I would write the points that you feel confident about, so if you have three really good ideas then go for it. But lets so you've got two really strong ideas that you can develop, focus on writing them first so you have a good 'body' to your response. Then, if you've got a good point which is a little bit shorter, write that as well, providing that you have the time: you need to be sure that you write a full response to both questions.

    I would say try and limit your arguments (if you have several) to 4 at the very maximum and choose the strongest ones. It's better to have a couple of well-developed points rather than 5 or 6 weak ones. Keep in mind that you need to answer both essay questions AND the source section in under two hours, so try and leave as much time as possible for both sections. My gut feeling would be to spend 45 minutes on the source section, writing the best answers I can write, and spend the next hour and a quarter on the essay section, with roughly 35 mins to each (keeping in mind that you'll want to write a brief plan for each essay so to get your head straight).

    Saying that, in the exam you might end up spending less time on the source questions or one of the essays than you thought you would. Just use your time productively and the times I've given would be what I think would be the maximum amount of time you would want to spend on each section before moving onto the next.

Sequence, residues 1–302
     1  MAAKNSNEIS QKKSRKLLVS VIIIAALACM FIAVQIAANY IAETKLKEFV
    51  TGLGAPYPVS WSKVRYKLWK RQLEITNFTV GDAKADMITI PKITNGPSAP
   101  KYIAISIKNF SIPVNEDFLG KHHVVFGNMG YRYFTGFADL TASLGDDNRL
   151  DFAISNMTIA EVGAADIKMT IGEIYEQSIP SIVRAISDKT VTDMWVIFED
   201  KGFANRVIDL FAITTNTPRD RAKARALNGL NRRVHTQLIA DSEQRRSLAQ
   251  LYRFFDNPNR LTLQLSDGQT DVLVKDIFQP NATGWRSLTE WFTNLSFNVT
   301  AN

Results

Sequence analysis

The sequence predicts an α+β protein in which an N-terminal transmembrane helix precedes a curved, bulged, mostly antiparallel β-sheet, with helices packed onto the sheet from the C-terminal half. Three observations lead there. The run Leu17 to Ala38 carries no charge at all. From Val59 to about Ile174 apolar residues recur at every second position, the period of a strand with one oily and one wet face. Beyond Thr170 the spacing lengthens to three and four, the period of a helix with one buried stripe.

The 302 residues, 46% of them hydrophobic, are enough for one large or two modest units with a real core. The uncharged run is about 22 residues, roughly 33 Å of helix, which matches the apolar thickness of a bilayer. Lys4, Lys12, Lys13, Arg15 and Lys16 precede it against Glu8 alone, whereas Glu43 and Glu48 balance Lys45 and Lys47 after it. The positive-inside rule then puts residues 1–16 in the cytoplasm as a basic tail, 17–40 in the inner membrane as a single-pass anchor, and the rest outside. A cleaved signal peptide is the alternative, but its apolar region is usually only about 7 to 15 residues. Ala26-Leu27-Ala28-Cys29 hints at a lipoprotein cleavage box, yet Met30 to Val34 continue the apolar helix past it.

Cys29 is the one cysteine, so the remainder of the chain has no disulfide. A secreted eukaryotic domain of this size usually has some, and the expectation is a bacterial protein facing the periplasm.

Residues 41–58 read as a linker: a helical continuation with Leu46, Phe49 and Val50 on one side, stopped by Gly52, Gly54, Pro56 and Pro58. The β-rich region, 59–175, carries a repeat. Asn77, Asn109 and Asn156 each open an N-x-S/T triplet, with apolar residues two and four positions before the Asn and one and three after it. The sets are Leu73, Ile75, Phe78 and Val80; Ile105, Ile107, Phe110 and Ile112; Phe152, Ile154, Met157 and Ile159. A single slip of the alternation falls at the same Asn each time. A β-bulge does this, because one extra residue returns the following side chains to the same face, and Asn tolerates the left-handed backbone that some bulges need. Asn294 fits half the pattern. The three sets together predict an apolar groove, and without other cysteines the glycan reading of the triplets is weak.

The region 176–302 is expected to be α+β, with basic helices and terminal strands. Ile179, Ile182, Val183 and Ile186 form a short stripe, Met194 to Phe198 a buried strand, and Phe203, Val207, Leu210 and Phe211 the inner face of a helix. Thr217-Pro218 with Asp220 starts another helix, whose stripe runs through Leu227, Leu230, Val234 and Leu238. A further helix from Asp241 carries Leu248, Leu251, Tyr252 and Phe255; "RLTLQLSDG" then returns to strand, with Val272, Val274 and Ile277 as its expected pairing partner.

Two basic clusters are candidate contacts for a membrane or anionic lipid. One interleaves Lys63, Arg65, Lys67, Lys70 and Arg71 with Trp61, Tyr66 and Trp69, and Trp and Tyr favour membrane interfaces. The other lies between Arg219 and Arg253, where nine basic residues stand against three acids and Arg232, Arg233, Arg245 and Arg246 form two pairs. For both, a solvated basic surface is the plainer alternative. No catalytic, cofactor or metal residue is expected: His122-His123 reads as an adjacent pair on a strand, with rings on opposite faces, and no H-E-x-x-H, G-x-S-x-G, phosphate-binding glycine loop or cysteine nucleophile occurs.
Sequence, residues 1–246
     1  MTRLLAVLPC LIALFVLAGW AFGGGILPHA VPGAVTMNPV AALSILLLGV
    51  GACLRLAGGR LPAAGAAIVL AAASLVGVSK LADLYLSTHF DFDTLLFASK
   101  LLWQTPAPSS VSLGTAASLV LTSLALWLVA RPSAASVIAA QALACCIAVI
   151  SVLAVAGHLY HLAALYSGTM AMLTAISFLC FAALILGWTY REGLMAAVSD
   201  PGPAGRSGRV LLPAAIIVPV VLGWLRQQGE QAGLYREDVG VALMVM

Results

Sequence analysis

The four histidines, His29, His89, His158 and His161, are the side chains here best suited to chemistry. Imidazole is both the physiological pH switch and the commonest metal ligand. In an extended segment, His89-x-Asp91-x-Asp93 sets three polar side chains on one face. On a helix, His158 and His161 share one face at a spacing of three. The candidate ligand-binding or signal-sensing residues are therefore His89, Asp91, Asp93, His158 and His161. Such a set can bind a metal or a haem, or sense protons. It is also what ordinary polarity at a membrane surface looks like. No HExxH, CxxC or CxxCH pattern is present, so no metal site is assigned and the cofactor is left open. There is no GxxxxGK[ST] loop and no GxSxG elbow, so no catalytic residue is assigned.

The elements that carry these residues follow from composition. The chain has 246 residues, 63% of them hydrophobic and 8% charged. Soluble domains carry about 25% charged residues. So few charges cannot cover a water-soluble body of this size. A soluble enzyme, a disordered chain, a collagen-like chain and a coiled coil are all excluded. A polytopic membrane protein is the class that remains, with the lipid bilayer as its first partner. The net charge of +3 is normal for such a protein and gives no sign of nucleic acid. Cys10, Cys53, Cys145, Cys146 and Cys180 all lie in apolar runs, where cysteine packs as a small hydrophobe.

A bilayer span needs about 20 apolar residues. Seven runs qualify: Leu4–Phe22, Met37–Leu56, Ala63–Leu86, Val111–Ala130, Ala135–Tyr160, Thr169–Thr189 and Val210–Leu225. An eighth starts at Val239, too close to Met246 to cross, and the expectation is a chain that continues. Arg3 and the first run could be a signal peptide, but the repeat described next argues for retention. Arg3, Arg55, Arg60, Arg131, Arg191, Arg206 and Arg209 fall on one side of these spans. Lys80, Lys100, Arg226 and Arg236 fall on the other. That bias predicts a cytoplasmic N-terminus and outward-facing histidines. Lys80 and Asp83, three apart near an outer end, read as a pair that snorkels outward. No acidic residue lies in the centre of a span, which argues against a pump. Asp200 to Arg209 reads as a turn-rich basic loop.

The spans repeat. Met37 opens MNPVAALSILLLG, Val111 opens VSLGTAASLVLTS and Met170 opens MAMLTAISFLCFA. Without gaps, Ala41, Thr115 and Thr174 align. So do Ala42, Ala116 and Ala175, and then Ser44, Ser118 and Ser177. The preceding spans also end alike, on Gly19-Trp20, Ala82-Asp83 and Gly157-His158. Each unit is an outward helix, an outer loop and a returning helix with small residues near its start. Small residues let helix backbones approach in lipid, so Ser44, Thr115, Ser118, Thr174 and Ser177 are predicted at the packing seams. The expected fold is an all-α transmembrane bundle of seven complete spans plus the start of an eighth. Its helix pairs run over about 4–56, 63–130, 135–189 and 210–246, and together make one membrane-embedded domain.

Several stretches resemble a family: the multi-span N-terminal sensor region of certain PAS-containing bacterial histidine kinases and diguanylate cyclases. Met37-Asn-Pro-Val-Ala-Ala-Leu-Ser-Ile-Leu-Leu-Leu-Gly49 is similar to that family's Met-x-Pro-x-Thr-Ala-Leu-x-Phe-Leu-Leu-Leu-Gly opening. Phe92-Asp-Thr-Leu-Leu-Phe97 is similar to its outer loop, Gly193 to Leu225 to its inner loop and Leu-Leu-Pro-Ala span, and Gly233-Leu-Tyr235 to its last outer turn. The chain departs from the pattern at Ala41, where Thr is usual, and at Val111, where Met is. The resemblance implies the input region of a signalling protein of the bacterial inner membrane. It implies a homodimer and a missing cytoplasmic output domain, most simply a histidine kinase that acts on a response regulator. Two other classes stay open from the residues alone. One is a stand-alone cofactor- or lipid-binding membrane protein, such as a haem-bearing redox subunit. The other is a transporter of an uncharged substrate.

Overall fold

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    (Original post by Real Human Bean)
    I would write the points that you feel confident about, so if you have three really good ideas then go for it. But lets so you've got two really strong ideas that you can develop, focus on writing them first so you have a good 'body' to your response. Then, if you've got a good point which is a little bit shorter, write that as well, providing that you have the time: you need to be sure that you write a full response to both questions.

    I would say try and limit your arguments (if you have several) to 4 at the very maximum and choose the strongest ones. It's better to have a couple of well-developed points rather than 5 or 6 weak ones. Keep in mind that you need to answer both essay questions AND the source section in under two hours, so try and leave as much time as possible for both sections. My gut feeling would be to spend 45 minutes on the source section, writing the best answers I can write, and spend the next hour and a quarter on the essay section, with roughly 35 mins to each (keeping in mind that you'll want to write a brief plan for each essay so to get your head straight).

    Saying that, in the exam you might end up spending less time on the source questions or one of the essays than you thought you would. Just use your time productively and the times I've given would be what I think would be the maximum amount of time you would want to spend on each section before moving onto the next.
    Ah, well that does sound like a sensible plan. I'll use this as a reference :yy:

    I usually end up going for a balance of a few reasonably developed points anyway for these types of essays.

    Thanks once again! Hope I didn't take up too much of your time!
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    Linking to this, in the sections B and C, are we meant to give a balanced answer or not? Eg if it asks about the EU, should we give a final conclusion or should we just discuss both sides of the debate?